Emma Stone and Steve Carell shine but sport takes a back seat in tennis biopic Battle of the Sexes, says MacDara Conroy

Battle of the Sexes is the name on the posters and the trailer. But the titular tennis court clash from 1973 is just the frame on which to hang a biopic of one of its participants, the legendary Billie Jean King: pioneer of equality for women in tennis, as well as ultimately one of the leading advocates for LGBT rights in sport and beyond.

That role’s a tall order, and perhaps it would have been more appropriate to have an LGBT actor take the part. In 2017 there are no more excuses for casting directors on that front. On the other hand, it might help to further normalise LGBT communities in mainstream American culture with America’s sweetheart in the role, and no one today fits that bill quite like Emma Stone.

It helps that once those iconic glasses are on her face, the resemblance is striking. But more importantly, Stone is instantly believable as a strong, driven and capable leader in sport and business alike. Suffice it to say she’s no shrinking violet to misogynist tennis executive Jack Warner (Bill Pullman), nor her ‘Battle of the Sexes’ opponent Bobby Riggs and his ‘chauvinist pig’ persona.

The Riggs portion of this tale might be the B-plot, but Steve Carell is uncanny in his portrayal of the washed-up former champion with a professional wrestler’s knack for self-promotion, as comfortable clowning around as he is essaying the pathos in a compulsive gambler living for one more thrill. It’s a role too easy to dismiss as slight, and undeservedly so. Without him the film wouldn’t impress as well as it does.

Angela Riseborough and Emma Stone in Battle of the Sexes

However, this is without a doubt the Billie Jean King show. The story is driven by her moves, both in the tennis world and in her personal life, as she embarks on a tentative affair with Marilyn Barnett (Andrea Riseborough), depicted here as her hairdresser rather than King’s secretary as she was in reality. It’s one of a number of licenses taken with characters, timelines and the like in Simon Beaufoy’s ‘based on a true story’ screenplay, tweaked just enough to make things fit neatly for a crowd-pleaser.

Meanwhile, Stone and Carell don’t have to carry the burden alone, as they’re surrounded by a bevy of character actors and comedy faces in smaller roles and cameos. Sarah Silverman, Elisabeth Shue, Alan Cumming, Jamey Sheridan, John C McGinley and the like may not have a whole lot to do, but they only add to the charm. Others are a bit more distracting, like Chris Parnell as a radio DJ, while Fred Armisen as a purveyor of ‘nutritional supplements’ threatens to steer the whole enterprise into parody.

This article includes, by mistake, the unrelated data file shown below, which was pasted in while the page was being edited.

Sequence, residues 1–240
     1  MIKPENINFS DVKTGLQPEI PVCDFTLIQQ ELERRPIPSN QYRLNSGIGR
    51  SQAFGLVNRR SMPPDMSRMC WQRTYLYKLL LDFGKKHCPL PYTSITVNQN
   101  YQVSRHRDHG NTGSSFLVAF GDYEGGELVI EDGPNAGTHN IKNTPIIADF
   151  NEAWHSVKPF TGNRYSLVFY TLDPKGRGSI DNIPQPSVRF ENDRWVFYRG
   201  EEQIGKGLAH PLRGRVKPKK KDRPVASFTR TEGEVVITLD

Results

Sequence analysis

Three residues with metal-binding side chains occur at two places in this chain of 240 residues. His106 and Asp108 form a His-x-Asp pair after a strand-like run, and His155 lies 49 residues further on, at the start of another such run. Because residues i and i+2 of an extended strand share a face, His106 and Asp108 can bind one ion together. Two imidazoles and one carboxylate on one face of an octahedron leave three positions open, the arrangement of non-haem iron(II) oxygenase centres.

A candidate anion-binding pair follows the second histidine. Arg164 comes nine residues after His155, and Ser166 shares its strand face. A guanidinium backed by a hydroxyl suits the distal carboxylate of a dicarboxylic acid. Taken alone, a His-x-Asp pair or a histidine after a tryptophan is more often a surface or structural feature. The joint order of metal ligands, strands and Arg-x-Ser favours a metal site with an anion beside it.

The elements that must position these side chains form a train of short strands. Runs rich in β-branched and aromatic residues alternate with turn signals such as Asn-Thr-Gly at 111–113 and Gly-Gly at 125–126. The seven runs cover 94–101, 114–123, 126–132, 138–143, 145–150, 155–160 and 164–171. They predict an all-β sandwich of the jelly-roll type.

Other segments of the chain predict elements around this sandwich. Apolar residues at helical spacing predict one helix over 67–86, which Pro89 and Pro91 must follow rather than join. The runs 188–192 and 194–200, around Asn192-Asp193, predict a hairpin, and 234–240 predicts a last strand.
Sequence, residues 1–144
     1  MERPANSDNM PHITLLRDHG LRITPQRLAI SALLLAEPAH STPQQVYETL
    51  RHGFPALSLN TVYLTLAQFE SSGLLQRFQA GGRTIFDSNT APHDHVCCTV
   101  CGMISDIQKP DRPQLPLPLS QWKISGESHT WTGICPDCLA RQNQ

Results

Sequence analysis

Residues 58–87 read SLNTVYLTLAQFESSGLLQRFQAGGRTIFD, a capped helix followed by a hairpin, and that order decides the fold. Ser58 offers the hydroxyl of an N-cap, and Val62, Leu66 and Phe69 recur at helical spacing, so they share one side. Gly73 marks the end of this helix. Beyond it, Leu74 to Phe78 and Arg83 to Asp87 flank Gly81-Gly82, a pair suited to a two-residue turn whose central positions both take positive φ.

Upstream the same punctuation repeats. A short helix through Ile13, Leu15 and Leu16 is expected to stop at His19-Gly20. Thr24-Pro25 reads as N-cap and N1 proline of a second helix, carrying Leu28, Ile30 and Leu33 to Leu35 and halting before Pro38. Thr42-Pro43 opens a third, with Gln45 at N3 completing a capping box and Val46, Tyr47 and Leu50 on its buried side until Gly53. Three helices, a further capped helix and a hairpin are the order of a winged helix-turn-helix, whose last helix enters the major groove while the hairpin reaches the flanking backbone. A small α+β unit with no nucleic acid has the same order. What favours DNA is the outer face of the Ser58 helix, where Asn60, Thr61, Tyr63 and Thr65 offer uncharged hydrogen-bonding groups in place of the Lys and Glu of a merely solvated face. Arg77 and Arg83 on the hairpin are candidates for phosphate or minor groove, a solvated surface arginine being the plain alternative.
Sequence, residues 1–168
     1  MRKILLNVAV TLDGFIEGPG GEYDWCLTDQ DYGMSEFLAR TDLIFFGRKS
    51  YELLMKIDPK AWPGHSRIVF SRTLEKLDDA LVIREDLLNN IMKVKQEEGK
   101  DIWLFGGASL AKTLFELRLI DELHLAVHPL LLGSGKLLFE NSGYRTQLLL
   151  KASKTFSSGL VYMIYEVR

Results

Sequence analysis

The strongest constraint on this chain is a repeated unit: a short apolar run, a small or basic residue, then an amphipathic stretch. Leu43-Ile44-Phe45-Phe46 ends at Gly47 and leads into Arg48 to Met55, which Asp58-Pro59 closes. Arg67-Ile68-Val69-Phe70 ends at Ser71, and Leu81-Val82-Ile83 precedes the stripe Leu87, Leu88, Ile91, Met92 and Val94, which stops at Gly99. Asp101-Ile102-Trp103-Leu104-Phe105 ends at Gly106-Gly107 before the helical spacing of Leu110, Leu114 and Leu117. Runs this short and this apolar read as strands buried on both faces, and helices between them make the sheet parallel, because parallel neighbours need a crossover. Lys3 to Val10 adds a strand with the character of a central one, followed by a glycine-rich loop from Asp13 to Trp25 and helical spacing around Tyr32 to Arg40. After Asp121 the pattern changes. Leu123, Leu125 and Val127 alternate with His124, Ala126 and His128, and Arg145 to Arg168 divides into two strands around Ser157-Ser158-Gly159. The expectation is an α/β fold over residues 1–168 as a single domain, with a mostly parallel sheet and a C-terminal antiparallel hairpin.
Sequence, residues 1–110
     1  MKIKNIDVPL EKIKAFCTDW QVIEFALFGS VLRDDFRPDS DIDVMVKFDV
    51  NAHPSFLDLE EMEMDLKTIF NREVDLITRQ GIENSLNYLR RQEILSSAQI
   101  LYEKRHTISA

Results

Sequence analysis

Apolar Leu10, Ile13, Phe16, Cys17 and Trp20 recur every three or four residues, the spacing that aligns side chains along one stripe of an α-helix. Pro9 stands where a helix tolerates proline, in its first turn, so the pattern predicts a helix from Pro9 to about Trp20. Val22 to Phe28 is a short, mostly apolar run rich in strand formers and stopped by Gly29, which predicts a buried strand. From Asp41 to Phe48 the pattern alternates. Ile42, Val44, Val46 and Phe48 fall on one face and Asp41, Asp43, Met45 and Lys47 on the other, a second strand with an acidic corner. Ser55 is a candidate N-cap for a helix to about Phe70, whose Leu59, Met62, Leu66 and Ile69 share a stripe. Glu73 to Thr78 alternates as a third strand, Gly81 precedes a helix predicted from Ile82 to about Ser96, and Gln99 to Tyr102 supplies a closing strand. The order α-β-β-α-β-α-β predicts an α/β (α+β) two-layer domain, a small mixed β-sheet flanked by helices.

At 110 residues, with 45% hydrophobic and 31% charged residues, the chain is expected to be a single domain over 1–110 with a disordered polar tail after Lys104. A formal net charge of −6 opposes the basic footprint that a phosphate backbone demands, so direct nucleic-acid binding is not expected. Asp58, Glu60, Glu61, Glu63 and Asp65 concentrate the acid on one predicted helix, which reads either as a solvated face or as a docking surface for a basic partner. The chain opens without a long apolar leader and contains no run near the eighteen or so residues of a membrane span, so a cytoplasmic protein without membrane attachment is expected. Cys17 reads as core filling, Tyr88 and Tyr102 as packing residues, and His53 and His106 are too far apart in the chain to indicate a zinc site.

Thankfully the directing duo of Jonathan Drayton and Valerie Faris (Little Miss Sunshine) keep it between the lines, even if at times they get a little heavy with technique. Their background in music videos reflects in their use — or rather overuse — of match cuts, which lose their power the more noticeable they become.

But it’s their lack of interest in the sport of tennis itself that’s the real mark against it. Indeed, the film’s weakest section is the climatic tennis battle; it’s hard to follow, and entirely absent of the tension or catharsis the whole story has been building towards. Tennis might come before all for Billie Jean King, but it’s far from a priority for these filmmakers.

Matt Damon in Suburbicon

Also out this Friday is Suburbicon, a tonal mess from George Clooney the director, not the actor; think The Monuments Men rather than Good Night, and Good Luck.

It’s not only an uncomfortable mash-up of Coen Brothers period screwball (it’s adapted from a long-shelved story by Joel and Ethan themselves) with well-meaning but pat social commentary for the Trump era. It’s also a comedic parody of film noir tropes, with Matt Damon as a mid-century everyman with all the trimmings: a loving wife and son, a model home in the ‘burbs, and a sinister side that may or may not involve a murder plot with mob connections.

It works far better as a farce, especially when Oscar Isaac shows up as fast-talking insurance fraud investigator; he’s the film’s fleeting highlight. Julianne Moore is good, too, as a melodramatic play on the likes of her character in Todd Haynes’ Far From Heaven in not one but two roles.

But Damon doesn’t have the acting chops nor the comic timing required for his end, which is a fatal flaw when so much of the comedy derives from the juxtaposition of his determinately straight-heeled character and the craziness of his “situation”.

Ironically enough for a film that teases a tokenistic subplot about integration in the civil rights era, it’s Suburbicon’s own failure to integrate its various modes and influences that stands out so sorely. In particular, a recurring motif of white locals intimidating their new black neighbours, from a few crew-cut oiks to a braying crowd, is the kind of hyperrealist touch better suited for another film entirely. Better luck next time, George.

Battle of the Sexes and Suburbicon open nationwide on Friday November 24th

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